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Five Texture Tips

When it comes to 3D artwork, textures can make or break the realism of the finished product. This article offers five tips for squeezing the most mileage out of your texturing efforts. Although these tips will be relevant no matter what apps are in your toolkit, this article makes special mention of the popular seamless texture editor Genetica

1. When in doubt, add more detail

Our brains are most at ease when they are flooded with more information than they could possibly process. In the natural world materials are covered with folds, cracks, blemishes, and grit. And no matter how close you look, more detail reveals itself all the way down to the microscopic level. Make no mistake, our brains filter most of this information out so that our conscious mind can focus on the important stuff. Nevertheless, experienced texture artists have noticed that our brains expect multiple layers of detail before a material is accepted as realistic--whether or not the conscious observer ends up noticing most of it.

Here's the interesting bit: It often doesn't matter what detail you add. In many cases it's the mere presence of additional detail that increases the feeling of realism. An artist working on a rusty metal texture, for example, can increase realism by carefully layering in photos of wood, rocks, and grounds. As long as the colors of each layer are adjusted appropriately, your brain will usually accept the added detail as proof of realism without questioning the original source.

Layers of detail, such as this peeling effect, are easy to add in Genetica.

While adding more layers in Photoshop will often do the trick, Genetica offers an interesting alternative to this process. Genetica's node-based interface makes it especially easy to experiment with various combinations of detail by retaining each operation as a discreet stage in the process of making the texture. In addition, Genetica contains tools for automatically adding various types of detail that would be hard to produce otherwise.

2. Work in a resolution-independent environment

There's nothing more frustrating than realizing you already made the perfect texture for your image, only to discover that resolution requirements have increased over the past couple years enough to make your original work obsolete. Working in a resolution-independent environment can save you from this headache.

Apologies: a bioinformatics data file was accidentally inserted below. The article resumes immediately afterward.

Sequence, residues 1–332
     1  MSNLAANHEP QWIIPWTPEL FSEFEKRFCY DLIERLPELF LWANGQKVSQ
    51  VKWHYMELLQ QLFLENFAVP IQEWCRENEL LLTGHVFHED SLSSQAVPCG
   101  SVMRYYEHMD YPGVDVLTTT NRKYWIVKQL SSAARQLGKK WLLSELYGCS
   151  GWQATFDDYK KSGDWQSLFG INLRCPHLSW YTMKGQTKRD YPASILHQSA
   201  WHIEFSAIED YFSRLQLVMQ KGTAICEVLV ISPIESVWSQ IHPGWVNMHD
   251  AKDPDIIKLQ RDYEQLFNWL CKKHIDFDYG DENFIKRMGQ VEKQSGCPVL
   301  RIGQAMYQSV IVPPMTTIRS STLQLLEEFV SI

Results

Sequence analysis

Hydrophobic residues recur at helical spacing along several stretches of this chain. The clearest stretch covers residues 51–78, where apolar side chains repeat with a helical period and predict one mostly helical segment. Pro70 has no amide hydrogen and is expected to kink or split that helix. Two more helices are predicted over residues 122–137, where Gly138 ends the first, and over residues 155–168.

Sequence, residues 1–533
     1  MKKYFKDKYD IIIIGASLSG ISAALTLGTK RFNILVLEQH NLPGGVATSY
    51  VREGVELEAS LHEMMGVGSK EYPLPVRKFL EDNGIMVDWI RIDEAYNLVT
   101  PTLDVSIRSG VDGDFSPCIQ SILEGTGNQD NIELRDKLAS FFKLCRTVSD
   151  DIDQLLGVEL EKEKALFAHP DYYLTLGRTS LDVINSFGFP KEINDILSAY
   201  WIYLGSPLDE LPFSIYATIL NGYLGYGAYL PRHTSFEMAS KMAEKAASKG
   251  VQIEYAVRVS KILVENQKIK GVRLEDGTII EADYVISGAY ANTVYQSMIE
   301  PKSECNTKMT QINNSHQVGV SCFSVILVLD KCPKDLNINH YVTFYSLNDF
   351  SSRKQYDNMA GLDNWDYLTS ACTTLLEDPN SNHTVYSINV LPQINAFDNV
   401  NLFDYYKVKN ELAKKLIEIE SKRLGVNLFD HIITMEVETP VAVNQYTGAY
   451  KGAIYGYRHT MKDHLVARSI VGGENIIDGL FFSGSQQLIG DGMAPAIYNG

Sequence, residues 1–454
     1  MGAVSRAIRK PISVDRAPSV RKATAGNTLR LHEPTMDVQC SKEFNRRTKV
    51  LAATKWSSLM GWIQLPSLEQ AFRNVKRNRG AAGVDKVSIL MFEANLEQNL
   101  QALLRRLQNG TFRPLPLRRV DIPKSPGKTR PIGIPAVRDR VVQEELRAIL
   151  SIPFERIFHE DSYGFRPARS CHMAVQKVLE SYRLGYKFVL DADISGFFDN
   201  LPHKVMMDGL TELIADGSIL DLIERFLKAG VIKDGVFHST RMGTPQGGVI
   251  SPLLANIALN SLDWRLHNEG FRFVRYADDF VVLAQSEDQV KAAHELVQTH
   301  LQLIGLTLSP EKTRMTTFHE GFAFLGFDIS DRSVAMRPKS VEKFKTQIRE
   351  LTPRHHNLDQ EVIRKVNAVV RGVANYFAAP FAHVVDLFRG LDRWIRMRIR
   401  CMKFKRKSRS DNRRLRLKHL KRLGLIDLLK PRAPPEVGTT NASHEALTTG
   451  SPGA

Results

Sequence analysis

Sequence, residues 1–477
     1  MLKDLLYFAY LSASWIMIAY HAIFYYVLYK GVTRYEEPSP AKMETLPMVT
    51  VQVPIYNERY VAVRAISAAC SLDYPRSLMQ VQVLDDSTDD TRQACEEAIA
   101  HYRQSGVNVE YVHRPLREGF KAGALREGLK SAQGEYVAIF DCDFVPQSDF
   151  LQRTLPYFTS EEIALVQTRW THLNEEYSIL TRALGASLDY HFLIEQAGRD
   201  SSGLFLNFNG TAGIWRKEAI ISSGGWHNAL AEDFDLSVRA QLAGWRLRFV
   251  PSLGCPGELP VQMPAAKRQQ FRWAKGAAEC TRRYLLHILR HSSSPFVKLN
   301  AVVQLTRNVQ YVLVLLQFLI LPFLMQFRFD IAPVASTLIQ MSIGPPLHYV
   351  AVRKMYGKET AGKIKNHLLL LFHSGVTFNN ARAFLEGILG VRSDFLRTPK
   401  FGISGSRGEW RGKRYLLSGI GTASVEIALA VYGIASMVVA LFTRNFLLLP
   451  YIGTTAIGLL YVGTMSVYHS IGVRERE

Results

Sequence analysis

Photoshop artists often guard against ever-inflating resolution requirements by working at resolutions that are much higher than currently needed. Genetica solves the problem in a more resource-friendly manner by describing all aspects of your materials in a sophisticated procedural format. As well as enabling resolution-independence, Genetica's texture format allows a number of edits that would otherwise be impossible, such as the ability to zoom out of a texture and have additional detail automatically added around the edges, or the ability to re-randomize the texture.

Textures in Genetica are inherently resolution-independent.

3. Build a library of reusable texture components

One of the most powerful parts of a texture artist's toolkit is the library of texture components that he has assembled over the years. Traditionally this has meant a collection of photographs of various interesting materials that can be combined in various ways. Genetica takes this a step farther by allowing artists to edit and reuse almost any aspect of a Genetica texture. For example, the ripples used to make a water material can be copied and adjusted to generate a wood grain instead. Or a filter built within Genetica that adds a gritty dust layer to an image can easily be reused to add grime to a number of surfaces.

grime filter
A library of components can speed up your work. Here, Genetica was used to apply the same grime filter to three materials. View

4. Don't wait until later to make your effect maps

If you're working in 3D, creating specialized effect maps for each texture, such as bump and specular maps, is a vital part of squeezing every last bit of realism out of your scene. However, extracting appropriate effect maps after you've already finished and flattened your texture can be exceedingly difficult. Decide ahead of time which effect maps you are likely to need, and create them as you make the texture itself. Genetica can assist in this area by creating effect maps for you automatically.

Genetica will automatically create the effects maps needed for photorealistic results. View

5. Don't start from scratch

Before starting work on a new material, search for previous work that may be of help. Everyday materials such as metal, rock, and wood are common in texturing, making it likely that you'll be able to find something that is similar to what you need. In addition, Genetica comes with over 500 texture presets, each full of components that can be reassembled into new materials.

Free seamless textures

You can can also download free seamless textures from Spiral Graphics' website directly in a procedural form that can be fully customized within Genetica.



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